CRS-3’s Cargo

Posted on by .

NASA’s Wallops Flight Facility and Virginia’s Mid-Atlantic Regional Spaceport are set to support the launch of Orbital Sciences’ Antares rocket and Cygnus spacecraft at 6:22 p.m. EDT today, Oct. 28. Launch coverage on NASA TV will begin at 5:30 p.m.

The Antares rocket will carry Orbital’s Cygnus cargo spacecraft, loaded with some 5,000 pounds of supplies and experiments, to the International Space Station. CRS-3 (short for “Commercial Resupply Services”) will be the fourth Cygnus flight, including a demonstration flight in 2013, and the first night launch of an Antares rocket.

Roughly a third of the cargo is a series of scientific investigations.

Selected Scientific Highlights

 NanoRacks-Duchesne-Plant Growth Chamber

The NanoRacks-Duchesne-Plant Growth Chamber aboard the International Space Station will enable growth of pea shoots in microgravity using red and blue LED lights. Image Credit: Duchesne Academy of the Sacred Heart

Pea Shoot Growth in Space
One investigation by students from Duchesne Academy of the Sacred Heart in Houston tests the performance of pea shoot growth in space. Pea shoots grow so quickly on Earth that they can be harvested in two to four weeks. They also contain high amounts of vitamins and minerals, making them a potential source of food on long-duration space missions. Students will identify the best combinations of red and blue LED lights, which are used in the plant growth chamber, by analyzing the plants’ mineral content upon return to Earth. The investigation is facilitated by NanoRacks and the Center for the Advancement of Science in Space (CASIS).

Drain Brain
A human health study called Drain Brain will inform understandings of blood flow in space to possibly aid in the treatment of headaches and other neurological systems reported by crew members living on the space station. The special neck collar, called a strain-gauge plethysmograph, used to measure blood flow from the brain for the Drain Brain study, does not require surgery or special knowledge to operate. This could make the collar a useful tool for monitoring patients on Earth who have heart or brain disorders. Drain Brain also could have implications for development of screening mechanisms for cognitive disorders like Alzheimer’s disease.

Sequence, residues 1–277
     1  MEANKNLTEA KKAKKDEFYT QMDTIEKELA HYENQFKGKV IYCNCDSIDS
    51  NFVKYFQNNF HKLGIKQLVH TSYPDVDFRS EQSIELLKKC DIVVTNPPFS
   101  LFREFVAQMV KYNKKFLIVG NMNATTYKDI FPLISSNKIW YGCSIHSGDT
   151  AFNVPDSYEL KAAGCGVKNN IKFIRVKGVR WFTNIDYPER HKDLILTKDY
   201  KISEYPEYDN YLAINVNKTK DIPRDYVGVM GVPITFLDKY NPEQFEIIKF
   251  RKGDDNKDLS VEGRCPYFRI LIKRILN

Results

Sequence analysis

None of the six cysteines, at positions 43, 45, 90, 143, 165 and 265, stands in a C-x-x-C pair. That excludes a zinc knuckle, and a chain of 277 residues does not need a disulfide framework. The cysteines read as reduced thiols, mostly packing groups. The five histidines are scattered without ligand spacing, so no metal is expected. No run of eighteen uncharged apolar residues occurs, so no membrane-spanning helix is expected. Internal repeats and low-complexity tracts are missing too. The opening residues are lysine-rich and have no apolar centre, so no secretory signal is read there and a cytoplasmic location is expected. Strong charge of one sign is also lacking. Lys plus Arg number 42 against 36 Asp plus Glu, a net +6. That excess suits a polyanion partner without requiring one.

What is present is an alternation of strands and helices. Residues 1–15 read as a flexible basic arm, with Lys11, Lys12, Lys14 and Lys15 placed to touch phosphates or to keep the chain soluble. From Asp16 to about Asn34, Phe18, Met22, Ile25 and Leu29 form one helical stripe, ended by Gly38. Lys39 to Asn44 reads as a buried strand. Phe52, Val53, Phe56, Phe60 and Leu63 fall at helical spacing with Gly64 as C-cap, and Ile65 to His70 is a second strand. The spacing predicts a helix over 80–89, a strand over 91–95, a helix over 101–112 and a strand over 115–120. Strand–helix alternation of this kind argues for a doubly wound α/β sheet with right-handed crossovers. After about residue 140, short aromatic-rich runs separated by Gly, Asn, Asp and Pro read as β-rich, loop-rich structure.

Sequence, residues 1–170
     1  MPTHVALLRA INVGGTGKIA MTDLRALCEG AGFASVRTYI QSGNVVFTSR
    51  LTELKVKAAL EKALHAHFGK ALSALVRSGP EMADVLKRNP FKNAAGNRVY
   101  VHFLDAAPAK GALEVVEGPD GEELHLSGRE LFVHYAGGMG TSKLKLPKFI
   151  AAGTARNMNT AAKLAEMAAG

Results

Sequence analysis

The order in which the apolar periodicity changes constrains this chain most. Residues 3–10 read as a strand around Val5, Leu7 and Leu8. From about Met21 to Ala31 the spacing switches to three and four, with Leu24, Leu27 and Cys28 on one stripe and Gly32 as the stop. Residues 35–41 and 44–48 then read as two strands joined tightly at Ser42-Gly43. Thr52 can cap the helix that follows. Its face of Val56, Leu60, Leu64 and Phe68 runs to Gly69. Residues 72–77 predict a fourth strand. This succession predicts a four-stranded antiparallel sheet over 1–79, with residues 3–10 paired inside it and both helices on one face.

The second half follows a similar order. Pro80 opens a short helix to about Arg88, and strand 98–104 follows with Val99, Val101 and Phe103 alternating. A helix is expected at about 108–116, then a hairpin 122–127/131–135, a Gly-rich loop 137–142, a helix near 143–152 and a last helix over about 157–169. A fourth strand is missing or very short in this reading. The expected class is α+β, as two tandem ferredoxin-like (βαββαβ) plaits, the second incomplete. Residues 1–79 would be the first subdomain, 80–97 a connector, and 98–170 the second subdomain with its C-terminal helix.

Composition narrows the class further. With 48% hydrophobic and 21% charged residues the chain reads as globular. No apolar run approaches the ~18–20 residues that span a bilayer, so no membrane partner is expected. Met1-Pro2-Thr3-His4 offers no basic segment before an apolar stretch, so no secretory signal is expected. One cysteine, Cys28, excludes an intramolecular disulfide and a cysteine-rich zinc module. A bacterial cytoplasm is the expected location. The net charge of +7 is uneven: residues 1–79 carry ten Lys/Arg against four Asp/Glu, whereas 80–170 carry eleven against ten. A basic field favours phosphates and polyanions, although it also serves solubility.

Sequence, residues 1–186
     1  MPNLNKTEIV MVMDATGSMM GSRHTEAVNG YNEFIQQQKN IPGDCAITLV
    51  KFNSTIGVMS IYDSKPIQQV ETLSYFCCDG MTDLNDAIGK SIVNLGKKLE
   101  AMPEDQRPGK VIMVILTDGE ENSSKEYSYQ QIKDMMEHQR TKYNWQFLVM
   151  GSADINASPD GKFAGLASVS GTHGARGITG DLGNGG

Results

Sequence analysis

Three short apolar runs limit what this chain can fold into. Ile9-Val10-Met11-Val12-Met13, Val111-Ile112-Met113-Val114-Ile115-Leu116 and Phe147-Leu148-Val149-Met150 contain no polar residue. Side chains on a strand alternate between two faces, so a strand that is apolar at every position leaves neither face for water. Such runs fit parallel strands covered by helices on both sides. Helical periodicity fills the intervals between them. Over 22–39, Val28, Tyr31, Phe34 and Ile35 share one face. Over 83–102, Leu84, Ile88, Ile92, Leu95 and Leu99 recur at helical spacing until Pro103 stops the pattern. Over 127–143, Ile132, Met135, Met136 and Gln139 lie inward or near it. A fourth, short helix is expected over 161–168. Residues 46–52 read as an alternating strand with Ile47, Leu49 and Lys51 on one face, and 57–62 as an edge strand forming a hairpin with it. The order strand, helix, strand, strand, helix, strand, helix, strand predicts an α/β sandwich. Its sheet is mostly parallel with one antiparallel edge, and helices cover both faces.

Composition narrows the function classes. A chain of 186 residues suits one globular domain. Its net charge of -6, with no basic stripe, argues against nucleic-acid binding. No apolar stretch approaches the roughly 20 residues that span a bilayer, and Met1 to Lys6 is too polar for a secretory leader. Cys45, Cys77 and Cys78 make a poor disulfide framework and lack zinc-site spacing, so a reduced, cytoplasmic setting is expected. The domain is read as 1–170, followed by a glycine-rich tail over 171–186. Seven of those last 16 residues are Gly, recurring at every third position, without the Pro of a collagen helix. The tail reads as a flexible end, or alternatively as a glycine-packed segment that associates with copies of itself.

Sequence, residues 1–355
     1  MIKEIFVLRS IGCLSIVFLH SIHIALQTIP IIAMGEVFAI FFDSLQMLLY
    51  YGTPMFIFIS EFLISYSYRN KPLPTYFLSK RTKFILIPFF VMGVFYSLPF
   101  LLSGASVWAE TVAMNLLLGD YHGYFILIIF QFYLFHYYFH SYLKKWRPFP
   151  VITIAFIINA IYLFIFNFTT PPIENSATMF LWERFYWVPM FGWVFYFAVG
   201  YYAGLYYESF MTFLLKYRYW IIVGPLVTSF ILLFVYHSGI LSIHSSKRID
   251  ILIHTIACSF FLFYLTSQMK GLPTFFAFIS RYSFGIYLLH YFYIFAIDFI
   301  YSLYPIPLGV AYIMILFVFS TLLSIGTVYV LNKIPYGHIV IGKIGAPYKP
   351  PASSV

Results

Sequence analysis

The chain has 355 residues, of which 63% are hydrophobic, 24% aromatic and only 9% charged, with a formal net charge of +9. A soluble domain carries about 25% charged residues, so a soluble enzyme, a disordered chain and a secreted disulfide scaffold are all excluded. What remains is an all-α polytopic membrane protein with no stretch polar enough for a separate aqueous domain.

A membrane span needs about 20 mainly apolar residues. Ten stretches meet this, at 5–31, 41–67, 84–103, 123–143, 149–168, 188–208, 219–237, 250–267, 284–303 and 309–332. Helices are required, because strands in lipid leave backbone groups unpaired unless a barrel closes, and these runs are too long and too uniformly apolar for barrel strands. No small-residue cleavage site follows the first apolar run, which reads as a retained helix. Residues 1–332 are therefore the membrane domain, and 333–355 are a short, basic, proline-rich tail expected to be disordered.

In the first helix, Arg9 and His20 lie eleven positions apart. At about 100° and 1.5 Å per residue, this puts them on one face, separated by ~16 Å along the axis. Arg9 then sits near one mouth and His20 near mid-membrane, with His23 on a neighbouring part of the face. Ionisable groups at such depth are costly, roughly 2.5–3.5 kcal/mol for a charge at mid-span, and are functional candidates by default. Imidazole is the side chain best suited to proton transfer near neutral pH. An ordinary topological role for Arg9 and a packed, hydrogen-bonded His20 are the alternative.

Students from Berkeley Heights, New Jersey

Students from Berkeley Heights, New Jersey preparing for their research investigation that will launch to the International Space Station as part of the Student Spaceflight Experiment Program (SSEP) with the third Orbital commercial resupply mission. Credit: SSEP

Yankee Clipper
A group of 18 student-led investigations, collectively part of the Yankee Clipper suite of research under the Student Spaceflight Experiments Program (SSEP), offers young scientists the opportunity to conceive of, design, implement and analyze scientific research questions in space. The studies investigate a range of topics from a crystal growth study that will enable students to learn more about how fluids act and form into crystals in the absence of gravity to how microgravity affect milk spoilage. Yankee Clipper is the eighth flight opportunity associated with the SSEP, an initiative of the National Center for Earth and Space Science Education in partnership with NanoRacks.

Reentry Breakup Recorder-W (REBR)
REBR uses the flight-verified REBR data collection and transmission system to record data during the reentry and breakup of a vehicle from wireless sensors placed throughout the host vehicle, and return the data for analysis to validate reentry hazard prediction models.

Perseid meteor as seen from ISS in 2011

A Perseid meteor streaks through the Earth’s atmosphere, as seen and photographed by astronaut Ron Garan while aboard the International Space Station on August 13, 2011. Credit: NASA

The Meteor Composition Determination, or Meteor, uses high-resolution video and image analysis of the atmosphere to learn about the physical and chemical properties of meteoroid dust, which includes size, density and chemical composition. Investigating the elemental composition of meteors adds to our understanding of how the planets developed. Continuous measurement of meteor interactions with Earth’s atmosphere also could spot previously unforeseen meteor showers.

Total Cargo: 4,883 pounds

  • Science investigations: 1,602.8 pounds
  • Crew supplies: 1,649 pounds

Flight crew equipment: 273.4 pounds
Food: 1,360.3 pounds
Flight procedures books: 15.4 pounds

  • Vehicle hardware: 1,404.3 pounds
  • Spacewalk equipment: 145.5 pounds
  • Computer resources: 81.6 pounds

› How to View Oct. 28′s Antares Launch
› Share your launch photos with NASA on Flickr
› Related images on Flickr
› More about Wallops Flight Facility’s history
› NASA’s Orbital website


4 thoughts on “CRS-3’s Cargo

  1. Bob Mina

    Lost in the rush to get the bad news about the vehicle loss to the front pages, is the hundreds of hours or hard work that went into these experiments, all lost on the pad tonight.

    We’re all sorry for your loss, and hope you can all rise up, build again, and finish what you started. This was a major setback, but it won’t be the end.

    Cheers, courage, and luck on your way back.

  2. Chris Byrne

    Well said, Bob. It’s disheartening to say the least, but this mishap reminds us how challenging scientific exploration can be. Still, no risk, no reward!

Comments are closed.